Like the much touted homogeneous experience at Starbucks, where a mocha here is going to be pretty much the same as a mocha 1000 miles from home, the only thing that looks different from one retail game store or department to another is the face of the employee who cheerfully greets you as you enter. The delivery of the "Hi! Is there anything I can help you with?" is the same every single time, even down to the pitch. The recommendations are also similar, whether you're picking up The Sims or Halo 2. Even the shelves look the same, but the fun is supposed to be inside the package, not in the retail experience getting it - right? The store is really a means to an end.
There are alternatives for developers who do not wish to go through the traditional retail method for whatever reason, such as self publishing using digital distribution. Valve Software's Steam "content delivery system" is one of the more noted attempts to move content directly to the consumer - and revenues directly to the developer - as opposed to through publishers. The problem there is one of getting attention - conventional releases secure that attention by being there in the consumer's face, through widespread mass marketing. Gamers still assume that a game that doesn't have a retail presence must be an inferior product.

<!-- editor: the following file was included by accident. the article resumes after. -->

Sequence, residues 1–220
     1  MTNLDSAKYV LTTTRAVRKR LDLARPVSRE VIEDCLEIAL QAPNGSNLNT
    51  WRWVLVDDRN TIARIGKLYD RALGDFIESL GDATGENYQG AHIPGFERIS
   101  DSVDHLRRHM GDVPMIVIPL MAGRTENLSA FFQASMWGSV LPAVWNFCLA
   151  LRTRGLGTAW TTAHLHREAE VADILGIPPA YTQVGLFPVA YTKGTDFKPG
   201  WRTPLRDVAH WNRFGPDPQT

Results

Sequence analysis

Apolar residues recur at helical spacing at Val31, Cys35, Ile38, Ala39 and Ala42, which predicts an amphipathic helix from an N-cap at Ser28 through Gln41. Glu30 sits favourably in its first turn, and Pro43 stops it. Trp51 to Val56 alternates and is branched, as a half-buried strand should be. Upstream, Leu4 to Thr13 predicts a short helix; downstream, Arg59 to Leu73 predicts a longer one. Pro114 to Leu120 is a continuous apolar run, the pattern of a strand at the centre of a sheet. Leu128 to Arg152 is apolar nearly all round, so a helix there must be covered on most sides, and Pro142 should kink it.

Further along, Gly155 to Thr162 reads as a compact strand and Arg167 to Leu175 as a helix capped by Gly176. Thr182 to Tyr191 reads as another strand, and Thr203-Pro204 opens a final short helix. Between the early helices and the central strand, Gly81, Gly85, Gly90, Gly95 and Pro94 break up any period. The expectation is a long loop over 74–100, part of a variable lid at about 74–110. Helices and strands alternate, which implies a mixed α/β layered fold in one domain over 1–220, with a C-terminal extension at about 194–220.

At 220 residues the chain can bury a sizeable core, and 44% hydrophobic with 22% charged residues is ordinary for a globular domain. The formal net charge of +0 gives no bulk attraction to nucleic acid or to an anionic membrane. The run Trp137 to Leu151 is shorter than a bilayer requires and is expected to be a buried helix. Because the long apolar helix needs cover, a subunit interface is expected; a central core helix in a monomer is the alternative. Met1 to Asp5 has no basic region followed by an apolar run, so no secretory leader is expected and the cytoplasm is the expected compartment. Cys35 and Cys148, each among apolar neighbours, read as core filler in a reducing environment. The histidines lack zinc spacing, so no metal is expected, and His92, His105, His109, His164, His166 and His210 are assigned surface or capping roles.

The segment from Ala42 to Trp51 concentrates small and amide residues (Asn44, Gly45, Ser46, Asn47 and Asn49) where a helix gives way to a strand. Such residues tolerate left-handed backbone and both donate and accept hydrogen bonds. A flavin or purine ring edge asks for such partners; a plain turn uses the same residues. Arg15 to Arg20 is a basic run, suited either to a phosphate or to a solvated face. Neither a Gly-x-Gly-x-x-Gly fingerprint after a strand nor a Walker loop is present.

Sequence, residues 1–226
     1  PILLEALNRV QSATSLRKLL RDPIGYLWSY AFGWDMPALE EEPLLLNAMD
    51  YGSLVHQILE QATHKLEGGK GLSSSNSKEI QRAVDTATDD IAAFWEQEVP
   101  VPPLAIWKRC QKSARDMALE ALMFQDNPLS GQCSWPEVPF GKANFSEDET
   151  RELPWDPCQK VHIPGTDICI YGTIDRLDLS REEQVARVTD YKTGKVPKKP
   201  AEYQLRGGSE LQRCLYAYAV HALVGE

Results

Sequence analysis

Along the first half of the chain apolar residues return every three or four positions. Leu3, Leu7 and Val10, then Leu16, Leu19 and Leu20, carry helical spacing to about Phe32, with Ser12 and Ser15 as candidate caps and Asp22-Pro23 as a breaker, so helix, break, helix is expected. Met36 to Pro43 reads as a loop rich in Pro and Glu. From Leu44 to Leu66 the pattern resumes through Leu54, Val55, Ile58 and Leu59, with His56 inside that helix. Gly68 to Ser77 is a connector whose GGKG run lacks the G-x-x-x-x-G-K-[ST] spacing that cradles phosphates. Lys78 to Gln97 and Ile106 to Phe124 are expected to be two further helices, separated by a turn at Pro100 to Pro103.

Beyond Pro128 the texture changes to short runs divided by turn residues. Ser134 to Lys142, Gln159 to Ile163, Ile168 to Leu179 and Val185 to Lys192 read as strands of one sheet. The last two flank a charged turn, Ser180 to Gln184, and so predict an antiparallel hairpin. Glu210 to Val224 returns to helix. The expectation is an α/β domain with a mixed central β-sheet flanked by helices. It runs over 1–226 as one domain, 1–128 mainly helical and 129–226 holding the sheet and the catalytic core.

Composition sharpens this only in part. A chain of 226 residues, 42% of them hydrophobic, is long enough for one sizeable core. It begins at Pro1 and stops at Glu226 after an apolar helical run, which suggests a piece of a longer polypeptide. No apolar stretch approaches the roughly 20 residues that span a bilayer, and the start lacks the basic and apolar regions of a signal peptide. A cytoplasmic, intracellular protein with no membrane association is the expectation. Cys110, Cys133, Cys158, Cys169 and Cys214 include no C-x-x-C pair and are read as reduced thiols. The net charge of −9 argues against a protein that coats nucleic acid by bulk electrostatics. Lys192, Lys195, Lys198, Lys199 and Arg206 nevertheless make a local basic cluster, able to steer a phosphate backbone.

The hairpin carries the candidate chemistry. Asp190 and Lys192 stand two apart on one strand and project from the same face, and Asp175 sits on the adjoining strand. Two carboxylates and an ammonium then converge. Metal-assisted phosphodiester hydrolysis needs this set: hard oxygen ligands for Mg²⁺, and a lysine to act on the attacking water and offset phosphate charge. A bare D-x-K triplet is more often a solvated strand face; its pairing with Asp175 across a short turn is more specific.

Also, there are a few stores - hobbyist game stores, cybercafes and comic book stores - that aren't affiliated with chains. These are the roads off the beaten path and take a more personal touch to get into. While not likely to be as profitable, they do help build a loyal fanbase or are ideal for more "niche" products.
There are other steps between the publisher and the retail shelf: the packaging, the wholesalers who sell those CDs to burn upon, the paper to print manuals and the shippers to get the product from here to there. These are logistics generally handled on the publisher's side before even reaching the retailers' radar. But these roles, both those of the retailers and publishers, will get a little more interesting with the rise of some of the newer alternatives for distribution and it will certainly be interesting to see how it plays out for us, as consumers.
Nova Barlow is the Research Manager for The Escapist and Playerbase Solutions. She is also a regular contributor to WarCry.